Novel Glasses for Flexible Scaffolding for Cell Delivery in Soft Tissue Engineering

Topics Covered

Overview

Background

Successful Repair of Damaged Tissues

Novel Soluble Glass-Based Materials

Treatment of Periodontal Disease

Treatment of Muscular Dystrophy

Overview

To help repair muscles and ligaments, scientists are developing a flexible scaffolding made of soluble glass along which implanted healthy cells can grow.  Other potential applications of the technique include treatment of gum disease and muscular dystrophy.

Background

When the soft tissues of our bodies, for example muscle and ligaments, are damaged by disease or accident, one possible treatment is to insert healthy cells which can grow and repopulate the injured area. However, delivering cells to the damaged region and ensuring that they remain in place and grow in the correct way is a problem.  Now Professor Irwin Olsen and his colleagues Drs. Jonathan Knowles and Mark Lewis at the Eastman Dental Institute (University College London) are developing new materials called soluble glasses that could provide a novel way to ‘seed’ injured tissues with healthy cells and also to act as a temporary, flexible scaffold enabling the growing cells to adopt the appropriate architecture.

Successful Repair of Damaged Tissues

“One major factor in successfully repairing damaged tissue is putting the new healthy cells in the right place and encouraging them to grow in the right way”, says Professor Olsen.  “With hard tissues such as bone you can use stiff, permanent structures such as titanium as a scaffold, but with softer tissues you need a material that is more flexible and preferably only temporary, so that it will dissolve over time as it is replaced by the growing new cells”.

Novel Soluble Glass-Based Materials

The novel glass-based materials developed at the Eastman are based on phosphate, rather than silica as in conventional glass, and can be made into very fine, flexible fibres that are also ‘soluble’.  In addition, the surface chemistry of these fibres would allow a variety of substances to be attached, including molecules that might promote the growth of new cells and even genes that could correct a defective cell.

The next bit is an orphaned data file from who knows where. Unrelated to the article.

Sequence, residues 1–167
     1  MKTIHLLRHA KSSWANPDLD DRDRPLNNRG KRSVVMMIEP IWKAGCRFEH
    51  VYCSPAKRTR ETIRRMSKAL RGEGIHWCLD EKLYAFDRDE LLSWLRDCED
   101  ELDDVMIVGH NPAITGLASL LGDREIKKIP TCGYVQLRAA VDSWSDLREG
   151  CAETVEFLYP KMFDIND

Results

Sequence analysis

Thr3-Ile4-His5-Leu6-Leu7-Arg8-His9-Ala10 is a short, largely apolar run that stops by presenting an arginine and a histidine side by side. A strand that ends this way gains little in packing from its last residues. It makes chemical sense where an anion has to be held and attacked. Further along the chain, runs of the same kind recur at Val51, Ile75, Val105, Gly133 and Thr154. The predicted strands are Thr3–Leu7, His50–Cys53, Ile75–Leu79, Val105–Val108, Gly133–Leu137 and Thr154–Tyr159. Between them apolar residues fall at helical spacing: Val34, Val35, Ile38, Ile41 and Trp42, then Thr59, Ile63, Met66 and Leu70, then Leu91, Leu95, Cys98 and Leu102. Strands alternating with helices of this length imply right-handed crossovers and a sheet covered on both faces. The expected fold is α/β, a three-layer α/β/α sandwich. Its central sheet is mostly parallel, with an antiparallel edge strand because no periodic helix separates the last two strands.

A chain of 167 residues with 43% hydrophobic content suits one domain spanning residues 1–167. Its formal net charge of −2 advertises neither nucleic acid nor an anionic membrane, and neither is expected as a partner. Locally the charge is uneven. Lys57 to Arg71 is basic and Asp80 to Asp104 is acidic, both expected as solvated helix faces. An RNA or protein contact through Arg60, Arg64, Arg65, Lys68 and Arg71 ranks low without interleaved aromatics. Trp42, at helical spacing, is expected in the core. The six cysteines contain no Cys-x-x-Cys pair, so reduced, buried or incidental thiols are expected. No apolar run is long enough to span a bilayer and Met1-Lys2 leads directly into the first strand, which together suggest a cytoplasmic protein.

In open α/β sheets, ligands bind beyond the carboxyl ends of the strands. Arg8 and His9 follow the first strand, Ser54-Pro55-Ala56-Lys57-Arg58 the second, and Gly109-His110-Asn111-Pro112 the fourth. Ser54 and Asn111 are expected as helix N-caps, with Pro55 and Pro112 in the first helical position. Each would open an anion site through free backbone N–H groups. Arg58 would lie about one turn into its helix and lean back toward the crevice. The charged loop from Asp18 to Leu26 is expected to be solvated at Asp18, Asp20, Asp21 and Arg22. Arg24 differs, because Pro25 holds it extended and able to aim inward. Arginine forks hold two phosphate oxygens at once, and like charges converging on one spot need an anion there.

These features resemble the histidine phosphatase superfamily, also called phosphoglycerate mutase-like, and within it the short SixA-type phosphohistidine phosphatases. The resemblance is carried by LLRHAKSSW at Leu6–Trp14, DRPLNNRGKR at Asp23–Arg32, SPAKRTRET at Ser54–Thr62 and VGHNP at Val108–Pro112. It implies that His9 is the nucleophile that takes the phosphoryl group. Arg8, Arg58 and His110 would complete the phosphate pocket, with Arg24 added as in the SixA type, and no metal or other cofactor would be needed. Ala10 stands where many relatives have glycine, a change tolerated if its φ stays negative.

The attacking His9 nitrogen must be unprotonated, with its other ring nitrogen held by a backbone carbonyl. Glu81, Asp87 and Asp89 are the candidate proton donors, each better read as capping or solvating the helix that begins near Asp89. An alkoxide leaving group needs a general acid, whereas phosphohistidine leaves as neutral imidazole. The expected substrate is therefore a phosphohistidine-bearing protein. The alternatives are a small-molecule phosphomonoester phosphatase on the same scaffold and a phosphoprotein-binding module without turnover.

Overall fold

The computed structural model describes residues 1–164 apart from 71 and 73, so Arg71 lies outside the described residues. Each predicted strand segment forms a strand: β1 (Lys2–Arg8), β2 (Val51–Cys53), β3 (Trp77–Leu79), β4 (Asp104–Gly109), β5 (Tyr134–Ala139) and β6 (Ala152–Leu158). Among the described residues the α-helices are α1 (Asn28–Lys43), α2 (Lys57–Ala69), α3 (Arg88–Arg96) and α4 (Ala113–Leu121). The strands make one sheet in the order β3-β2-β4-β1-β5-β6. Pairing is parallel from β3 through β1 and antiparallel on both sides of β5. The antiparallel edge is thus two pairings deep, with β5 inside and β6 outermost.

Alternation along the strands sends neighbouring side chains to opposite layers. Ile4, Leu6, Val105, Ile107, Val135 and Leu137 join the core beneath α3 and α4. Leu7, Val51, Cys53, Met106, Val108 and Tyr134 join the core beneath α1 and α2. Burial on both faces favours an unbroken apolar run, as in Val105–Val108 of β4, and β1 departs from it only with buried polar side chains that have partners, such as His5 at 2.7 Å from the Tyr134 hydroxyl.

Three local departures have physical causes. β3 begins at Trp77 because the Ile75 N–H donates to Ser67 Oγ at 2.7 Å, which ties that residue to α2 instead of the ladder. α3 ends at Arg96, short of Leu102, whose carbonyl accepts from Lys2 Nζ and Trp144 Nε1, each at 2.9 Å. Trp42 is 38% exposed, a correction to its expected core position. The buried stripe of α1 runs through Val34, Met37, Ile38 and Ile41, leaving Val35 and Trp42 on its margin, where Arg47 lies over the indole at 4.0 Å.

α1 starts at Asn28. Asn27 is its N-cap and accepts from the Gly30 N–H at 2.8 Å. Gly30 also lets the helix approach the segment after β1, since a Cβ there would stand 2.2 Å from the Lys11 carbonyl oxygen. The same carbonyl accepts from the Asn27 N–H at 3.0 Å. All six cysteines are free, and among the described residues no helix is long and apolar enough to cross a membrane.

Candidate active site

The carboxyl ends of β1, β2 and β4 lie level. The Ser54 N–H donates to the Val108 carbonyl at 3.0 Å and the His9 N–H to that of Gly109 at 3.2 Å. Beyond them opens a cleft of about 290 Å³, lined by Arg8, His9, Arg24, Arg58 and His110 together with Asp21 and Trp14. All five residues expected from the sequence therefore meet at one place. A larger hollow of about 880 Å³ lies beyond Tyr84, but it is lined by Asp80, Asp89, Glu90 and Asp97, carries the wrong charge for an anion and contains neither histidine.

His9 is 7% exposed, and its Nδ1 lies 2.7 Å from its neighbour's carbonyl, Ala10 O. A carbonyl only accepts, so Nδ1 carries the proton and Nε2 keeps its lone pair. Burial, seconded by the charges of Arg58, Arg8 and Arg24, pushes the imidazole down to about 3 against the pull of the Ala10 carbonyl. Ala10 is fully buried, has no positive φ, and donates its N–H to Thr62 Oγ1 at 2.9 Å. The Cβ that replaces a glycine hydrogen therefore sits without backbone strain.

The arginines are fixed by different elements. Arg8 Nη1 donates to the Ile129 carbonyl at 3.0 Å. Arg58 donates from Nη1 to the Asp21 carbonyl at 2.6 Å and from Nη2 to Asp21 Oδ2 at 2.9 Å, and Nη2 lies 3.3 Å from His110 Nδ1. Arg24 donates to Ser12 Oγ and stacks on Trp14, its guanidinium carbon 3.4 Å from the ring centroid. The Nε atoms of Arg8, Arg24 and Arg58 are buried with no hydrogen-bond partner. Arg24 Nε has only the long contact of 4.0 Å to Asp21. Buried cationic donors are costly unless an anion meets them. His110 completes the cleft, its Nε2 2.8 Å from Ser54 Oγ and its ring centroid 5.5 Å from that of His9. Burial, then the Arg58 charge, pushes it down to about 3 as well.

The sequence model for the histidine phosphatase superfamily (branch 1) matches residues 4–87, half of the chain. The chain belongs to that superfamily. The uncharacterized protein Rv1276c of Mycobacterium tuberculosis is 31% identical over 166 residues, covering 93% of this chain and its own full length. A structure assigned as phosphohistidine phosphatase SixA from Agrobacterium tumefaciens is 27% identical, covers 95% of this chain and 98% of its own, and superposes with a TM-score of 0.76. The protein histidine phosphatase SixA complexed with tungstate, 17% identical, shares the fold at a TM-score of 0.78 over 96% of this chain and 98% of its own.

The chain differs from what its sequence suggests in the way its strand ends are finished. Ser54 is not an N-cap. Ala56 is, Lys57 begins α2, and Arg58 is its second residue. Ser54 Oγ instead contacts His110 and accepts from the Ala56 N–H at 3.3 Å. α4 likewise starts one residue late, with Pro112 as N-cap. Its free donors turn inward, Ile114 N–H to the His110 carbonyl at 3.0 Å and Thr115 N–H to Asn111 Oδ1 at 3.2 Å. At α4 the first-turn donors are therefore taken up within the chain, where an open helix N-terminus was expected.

Treatment of Periodontal Disease

One area of interest to the Eastman tissue engineering team is periodontal disease, where the ligaments that anchor the tooth to the jaw break down. It might be possible to attach healthy ligament cells to the soluble glass fibres and surgically implant them in the damaged area. Over time the ligament would regenerate and the fibres would disappear.

Treatment of Muscular Dystrophy  

The researchers are also interested in muscle damage and disease.  Preliminary experiments have already shown that healthy muscle cells will attach and grow on these new glass structures in the test tube.  It may therefore be possible to take normal muscle cells seeded onto the soluble glass fibres, implant them into the diseased muscle and allow them to develop into healthy muscle. The Eastman group is now working closely with Dr. Jennifer Morgan, senior scientist in the Muscle Cell Biology Group headed by Professor Terence Partridge at the MRC Clinical Sciences Centre (Imperial College School of Medicine) to see if this technique might eventually be useful in treating muscular dystrophy.

 

Source: The Engineering and Physical Sciences Research Council.

 

For more information on this source please visit The Engineering and Physical Sciences Research Council.

 

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